2008Fanelli ImageFormation

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Fanelli, D. & Öktem, O. Electron tomography: a short overview with an emphasis on the absorption potential model for the forward problem Inverse Problems, 2008, 24, 013001

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This review of the development and current status of electron tomography deals mainly with the mathematical and algorithmic aspects. After a very brief description of the role of electron tomography in structural biology, we turn our attention to the derivation of the forward operator. Starting from the Schr¨odinger equation, the electron–specimen interaction is modelled as a diffraction tomography problem and the picture is completed by adding a description of the optical system of the transmission electron microscope. The first-order Born approximation enables one to explicitly express the intensity for any finite wavenumber in terms of the propagation operator acting on the specimen convolved with a point spread function, derived from the optics in the transmission electron microscope. Next, we focus on the difficulties that cause the reconstruction problem to be quite challenging. Special emphasis is put on explaining the extremely low signal-to-noise ratio in the data combined with the incomplete data problems, which lead to severe ill-posedness. The next step is to derive the standard phase contrast model used in the electron tomography community. The above-mentioned expression for the intensity generalizes the standard phase contrast model which can be obtained by replacing the propagation operator by its high-energy limit, the x-ray transform, as the wavenumber tends to infinity. The importance of more carefully including the wave nature of the electron–specimen interaction is supported by performing an asymptotic analysis of the intensity as the wavenumber tends to infinity. Next we provide an overview of the various reconstruction methods that have been employed in electron tomography and we conclude by mentioning a number of open problems. Besides providing an introduction to electron tomography written in the ‘language of inverse problems’, the authors hope to raise interest among experts in integral geometry and regularization theory for the mathematical and algorithmic difficulties that are encountered in electron tomography.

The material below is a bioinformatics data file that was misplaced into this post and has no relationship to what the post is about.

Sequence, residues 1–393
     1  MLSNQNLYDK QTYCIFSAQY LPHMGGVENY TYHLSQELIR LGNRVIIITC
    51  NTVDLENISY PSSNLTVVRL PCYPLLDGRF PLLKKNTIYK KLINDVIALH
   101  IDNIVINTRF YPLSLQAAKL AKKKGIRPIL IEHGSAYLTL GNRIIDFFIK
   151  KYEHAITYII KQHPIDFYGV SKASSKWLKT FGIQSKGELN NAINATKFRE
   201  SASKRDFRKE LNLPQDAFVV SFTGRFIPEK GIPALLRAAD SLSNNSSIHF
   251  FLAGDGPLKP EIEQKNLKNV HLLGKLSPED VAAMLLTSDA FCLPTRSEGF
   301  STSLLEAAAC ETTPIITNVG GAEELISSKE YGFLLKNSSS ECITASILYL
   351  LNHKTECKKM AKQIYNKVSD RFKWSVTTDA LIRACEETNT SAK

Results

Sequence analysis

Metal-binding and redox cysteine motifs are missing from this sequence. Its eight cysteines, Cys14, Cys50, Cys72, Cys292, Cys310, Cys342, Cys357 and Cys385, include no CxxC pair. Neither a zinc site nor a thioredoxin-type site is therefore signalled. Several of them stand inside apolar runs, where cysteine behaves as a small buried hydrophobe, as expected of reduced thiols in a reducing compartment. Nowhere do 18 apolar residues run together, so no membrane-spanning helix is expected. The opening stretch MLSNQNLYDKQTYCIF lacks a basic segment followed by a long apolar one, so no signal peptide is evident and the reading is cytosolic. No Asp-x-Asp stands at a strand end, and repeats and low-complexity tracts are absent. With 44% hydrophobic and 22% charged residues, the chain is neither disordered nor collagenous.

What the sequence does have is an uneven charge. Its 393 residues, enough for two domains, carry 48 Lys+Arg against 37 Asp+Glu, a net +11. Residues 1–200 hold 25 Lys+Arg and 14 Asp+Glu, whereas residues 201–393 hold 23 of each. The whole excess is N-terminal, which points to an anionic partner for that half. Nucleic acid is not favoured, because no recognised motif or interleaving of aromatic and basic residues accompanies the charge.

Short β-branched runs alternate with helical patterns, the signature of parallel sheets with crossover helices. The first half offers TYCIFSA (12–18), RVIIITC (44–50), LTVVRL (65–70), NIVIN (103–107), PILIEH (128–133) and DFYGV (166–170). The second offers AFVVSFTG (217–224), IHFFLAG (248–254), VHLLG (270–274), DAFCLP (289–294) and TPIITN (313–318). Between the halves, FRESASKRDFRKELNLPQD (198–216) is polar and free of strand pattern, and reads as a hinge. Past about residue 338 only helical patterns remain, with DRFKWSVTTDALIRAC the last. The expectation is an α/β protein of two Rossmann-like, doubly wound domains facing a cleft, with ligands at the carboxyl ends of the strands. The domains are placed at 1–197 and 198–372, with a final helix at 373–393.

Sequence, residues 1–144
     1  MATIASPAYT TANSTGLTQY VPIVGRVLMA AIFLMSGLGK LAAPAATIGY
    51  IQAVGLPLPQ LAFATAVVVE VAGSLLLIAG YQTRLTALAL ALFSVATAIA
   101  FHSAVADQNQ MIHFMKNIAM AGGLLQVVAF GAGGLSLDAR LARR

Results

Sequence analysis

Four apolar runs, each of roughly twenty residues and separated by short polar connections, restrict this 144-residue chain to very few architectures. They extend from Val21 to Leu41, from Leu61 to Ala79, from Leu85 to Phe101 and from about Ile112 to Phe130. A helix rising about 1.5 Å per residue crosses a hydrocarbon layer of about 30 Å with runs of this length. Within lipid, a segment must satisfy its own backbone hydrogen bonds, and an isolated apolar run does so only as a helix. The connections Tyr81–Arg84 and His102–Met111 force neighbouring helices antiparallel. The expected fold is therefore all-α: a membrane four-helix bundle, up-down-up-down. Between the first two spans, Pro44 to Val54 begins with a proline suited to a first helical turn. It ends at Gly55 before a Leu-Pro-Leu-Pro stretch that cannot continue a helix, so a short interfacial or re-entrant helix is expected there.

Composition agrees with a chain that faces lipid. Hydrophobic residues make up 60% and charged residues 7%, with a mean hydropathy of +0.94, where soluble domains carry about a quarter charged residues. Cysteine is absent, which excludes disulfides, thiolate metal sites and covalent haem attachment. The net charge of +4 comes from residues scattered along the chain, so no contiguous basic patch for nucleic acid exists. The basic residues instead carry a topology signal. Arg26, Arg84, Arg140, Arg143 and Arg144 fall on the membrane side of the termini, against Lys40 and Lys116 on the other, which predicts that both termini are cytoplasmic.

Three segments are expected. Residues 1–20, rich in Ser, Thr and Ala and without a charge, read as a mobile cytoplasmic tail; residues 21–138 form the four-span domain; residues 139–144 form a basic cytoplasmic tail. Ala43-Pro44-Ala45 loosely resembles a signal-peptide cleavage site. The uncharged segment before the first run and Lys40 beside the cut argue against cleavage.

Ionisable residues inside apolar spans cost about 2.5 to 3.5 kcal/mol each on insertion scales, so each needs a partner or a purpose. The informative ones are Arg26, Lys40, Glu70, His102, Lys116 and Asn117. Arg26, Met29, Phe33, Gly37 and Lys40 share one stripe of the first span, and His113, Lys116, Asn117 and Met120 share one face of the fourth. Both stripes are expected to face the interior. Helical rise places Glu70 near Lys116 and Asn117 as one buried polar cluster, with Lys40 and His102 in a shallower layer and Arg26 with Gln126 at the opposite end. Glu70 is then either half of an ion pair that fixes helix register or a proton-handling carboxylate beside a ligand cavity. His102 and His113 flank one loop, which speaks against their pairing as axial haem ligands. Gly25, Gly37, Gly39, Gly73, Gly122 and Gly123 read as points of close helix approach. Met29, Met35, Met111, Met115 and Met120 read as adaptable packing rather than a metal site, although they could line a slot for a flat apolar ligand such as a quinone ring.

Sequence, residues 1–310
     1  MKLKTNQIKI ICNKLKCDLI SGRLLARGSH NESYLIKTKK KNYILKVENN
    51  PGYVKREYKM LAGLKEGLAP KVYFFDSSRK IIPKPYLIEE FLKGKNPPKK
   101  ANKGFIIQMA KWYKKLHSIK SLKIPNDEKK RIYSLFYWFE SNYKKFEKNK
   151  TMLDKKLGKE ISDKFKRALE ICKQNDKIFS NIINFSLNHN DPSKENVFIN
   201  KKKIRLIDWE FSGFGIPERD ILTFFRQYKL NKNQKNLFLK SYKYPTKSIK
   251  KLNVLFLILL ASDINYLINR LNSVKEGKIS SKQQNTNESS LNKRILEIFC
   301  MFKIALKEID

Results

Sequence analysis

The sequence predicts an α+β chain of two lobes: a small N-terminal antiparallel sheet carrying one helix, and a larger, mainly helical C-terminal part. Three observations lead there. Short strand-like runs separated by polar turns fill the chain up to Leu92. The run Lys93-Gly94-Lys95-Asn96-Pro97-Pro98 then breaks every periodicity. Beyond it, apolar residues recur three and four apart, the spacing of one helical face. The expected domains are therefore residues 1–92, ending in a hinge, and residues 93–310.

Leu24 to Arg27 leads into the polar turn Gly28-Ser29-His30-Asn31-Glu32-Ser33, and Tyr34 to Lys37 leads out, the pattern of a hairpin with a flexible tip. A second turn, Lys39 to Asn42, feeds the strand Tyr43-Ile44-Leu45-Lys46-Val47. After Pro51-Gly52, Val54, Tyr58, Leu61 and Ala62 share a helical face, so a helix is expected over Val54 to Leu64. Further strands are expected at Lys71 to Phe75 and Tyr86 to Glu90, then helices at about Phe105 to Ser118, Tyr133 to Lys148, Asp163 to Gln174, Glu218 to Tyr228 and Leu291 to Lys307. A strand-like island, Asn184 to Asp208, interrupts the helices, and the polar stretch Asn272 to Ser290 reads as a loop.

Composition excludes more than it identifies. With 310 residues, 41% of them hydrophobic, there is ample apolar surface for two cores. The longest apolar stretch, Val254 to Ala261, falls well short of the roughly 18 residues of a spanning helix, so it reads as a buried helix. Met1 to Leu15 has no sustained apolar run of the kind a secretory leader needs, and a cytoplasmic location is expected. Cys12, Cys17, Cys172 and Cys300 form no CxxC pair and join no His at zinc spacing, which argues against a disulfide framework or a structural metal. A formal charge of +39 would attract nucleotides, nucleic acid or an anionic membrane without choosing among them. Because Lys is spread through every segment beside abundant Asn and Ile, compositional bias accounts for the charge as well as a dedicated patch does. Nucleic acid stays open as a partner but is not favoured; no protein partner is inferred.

Image formation model, quantum physics, electron waves


Article http://www.ncbi.nlm.nih.gov/pubmed/18427122

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